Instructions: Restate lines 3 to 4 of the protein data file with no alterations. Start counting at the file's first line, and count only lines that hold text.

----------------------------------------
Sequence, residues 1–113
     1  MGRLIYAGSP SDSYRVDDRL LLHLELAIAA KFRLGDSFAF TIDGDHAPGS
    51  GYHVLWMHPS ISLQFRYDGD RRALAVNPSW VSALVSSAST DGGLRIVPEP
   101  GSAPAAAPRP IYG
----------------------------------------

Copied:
    51  GYHVLWMHPS ISLQFRYDGD RRALAVNPSW VSALVSSAST DGGLRIVPEP
   101  GSAPAAAPRP IYG